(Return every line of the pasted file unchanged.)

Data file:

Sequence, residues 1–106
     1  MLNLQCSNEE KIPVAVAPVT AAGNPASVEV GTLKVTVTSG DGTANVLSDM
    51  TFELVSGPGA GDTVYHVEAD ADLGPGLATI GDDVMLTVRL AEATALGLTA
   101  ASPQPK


Sequence, residues 1–106
     1  MLNLQCSNEE KIPVAVAPVT AAGNPASVEV GTLKVTVTSG DGTANVLSDM
    51  TFELVSGPGA GDTVYHVEAD ADLGPGLATI GDDVMLTVRL AEATALGLTA
   101  ASPQPK